The node beginner book


The aim of this document is to get you started with developing applications for Node. js, teaching you everything you need to know about “advanced” JavaScript along the way. It goes way beyond your typical “Hello World” tutorial.

Intended audience

This document will probably fit best for readers that have a background similar to my own: experienced with at least one object-oriented language like Ruby, Python, PHP or Java, only little experience with JavaScript, and completely new to Node. js.

Aiming at developers that already have experience with other programming languages means that this document won’t cover really basic stuff like data types, variables, control structures and the likes. You already need to know about these to understand this document.

However, because functions and objects in JavaScript are different from their counterparts in most other languages, these will be explained in more detail.

Structure of this document

Upon finishing this document, you will have created a complete web application which allows the users of this application to view web pages and upload files.

Which, of course, is not exactly world-changing, but we will go some extra miles and not only create the code that is “just enough” to make these use cases possible, but create a simple, yet complete framework to cleanly separate the different aspects of our application. You will see what I mean in a minute.

We will start with looking at how JavaScript development in Node. js is different from JavaScript development in a browser.

Next, we will stay with the good old tradition of writing a “Hello World” application, which is a most basic Node. js application that “does” something.

Then, we will discuss what kind of “real” application we want to build, dissect the different parts which need to be implemented to assemble this

application, and start working on each of these parts step-by-step.

As promised, along the way we will learn about some of the more advanced concepts of JavaScript, how to make use of them, and look at why it makes sense to use these concepts instead of those we know from other programming languages.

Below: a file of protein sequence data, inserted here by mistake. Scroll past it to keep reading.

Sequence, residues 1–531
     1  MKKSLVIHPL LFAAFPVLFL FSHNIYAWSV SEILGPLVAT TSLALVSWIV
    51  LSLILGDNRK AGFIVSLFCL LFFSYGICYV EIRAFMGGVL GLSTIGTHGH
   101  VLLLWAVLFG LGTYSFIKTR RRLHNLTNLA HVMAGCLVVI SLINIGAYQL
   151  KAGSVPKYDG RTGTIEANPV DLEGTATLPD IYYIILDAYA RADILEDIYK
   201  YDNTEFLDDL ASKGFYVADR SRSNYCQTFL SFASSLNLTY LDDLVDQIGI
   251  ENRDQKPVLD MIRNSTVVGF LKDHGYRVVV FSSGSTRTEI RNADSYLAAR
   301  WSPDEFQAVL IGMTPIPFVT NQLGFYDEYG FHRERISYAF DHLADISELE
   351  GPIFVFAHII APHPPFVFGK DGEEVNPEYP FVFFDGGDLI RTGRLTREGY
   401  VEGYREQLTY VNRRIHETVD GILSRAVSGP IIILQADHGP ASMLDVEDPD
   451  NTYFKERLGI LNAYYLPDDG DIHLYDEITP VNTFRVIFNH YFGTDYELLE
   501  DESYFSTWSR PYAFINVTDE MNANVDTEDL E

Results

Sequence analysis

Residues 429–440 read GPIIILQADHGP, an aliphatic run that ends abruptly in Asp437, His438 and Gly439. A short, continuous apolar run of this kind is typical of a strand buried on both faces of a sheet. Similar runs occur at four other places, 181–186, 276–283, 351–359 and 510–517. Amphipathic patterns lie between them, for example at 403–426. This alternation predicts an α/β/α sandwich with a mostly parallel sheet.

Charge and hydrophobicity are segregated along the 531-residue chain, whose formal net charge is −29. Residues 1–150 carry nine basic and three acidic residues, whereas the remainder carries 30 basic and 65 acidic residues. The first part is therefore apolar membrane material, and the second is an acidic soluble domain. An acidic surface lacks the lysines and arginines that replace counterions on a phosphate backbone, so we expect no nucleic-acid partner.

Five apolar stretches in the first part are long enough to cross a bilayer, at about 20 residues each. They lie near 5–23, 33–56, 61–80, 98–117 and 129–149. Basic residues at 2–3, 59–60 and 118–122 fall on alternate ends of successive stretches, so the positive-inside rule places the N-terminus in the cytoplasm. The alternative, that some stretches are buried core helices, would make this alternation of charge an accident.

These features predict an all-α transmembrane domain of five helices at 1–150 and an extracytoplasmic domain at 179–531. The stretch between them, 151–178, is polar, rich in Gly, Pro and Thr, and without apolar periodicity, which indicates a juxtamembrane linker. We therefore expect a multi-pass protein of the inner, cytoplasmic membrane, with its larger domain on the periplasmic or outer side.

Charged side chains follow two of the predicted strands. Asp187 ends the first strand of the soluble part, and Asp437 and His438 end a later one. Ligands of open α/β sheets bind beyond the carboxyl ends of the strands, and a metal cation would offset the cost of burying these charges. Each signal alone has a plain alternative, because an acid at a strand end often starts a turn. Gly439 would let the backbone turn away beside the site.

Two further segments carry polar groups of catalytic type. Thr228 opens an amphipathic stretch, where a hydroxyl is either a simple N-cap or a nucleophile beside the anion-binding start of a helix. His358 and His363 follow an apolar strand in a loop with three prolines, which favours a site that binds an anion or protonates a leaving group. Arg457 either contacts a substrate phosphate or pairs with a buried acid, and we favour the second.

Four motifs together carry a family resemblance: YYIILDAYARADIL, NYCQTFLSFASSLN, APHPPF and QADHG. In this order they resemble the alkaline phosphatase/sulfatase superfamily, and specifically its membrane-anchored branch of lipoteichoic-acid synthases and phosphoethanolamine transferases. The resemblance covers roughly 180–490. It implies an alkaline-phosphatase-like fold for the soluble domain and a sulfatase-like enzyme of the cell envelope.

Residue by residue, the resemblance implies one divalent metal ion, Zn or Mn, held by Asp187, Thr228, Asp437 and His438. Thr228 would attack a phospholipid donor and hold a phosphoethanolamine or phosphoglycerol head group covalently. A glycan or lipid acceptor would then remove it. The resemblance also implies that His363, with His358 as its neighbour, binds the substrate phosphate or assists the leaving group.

JavaScript and Node. js

JavaScript and You

Before we talk about all the technical stuff, let’s take a moment and talk about you and your relationship with JavaScript. This chapter is here to allow you to estimate if reading this document any further makes sense for you.

If you are like me, you started with HTML “development” long ago, by writing HTML documents. You came along this funny thing called JavaScript, but you only used it in a very basic way, adding interactivity to your web pages every now and then.

What you really wanted was “the real thing”, you wanted to know how to build complex web sites – you learned a programming language like PHP, Ruby, Java, and started writing “backend” code.

Nevertheless, you kept an eye on JavaScript, you saw that with the introduction of jQuery, Prototype and the likes, things got more advanced in JavaScript land, and that this language really was about more than window. open().

However, this was all still frontend stuff, and although it was nice to have jQuery at your disposal whenever you felt like spicing up a web page, at the end of the day you were, at best, a JavaScript user, but not a JavaScript developer.

And then came Node. js. JavaScript on the server, how cool is that?

You decided that it’s about time to check out the old, new JavaScript. But wait, writing Node.

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The node beginner book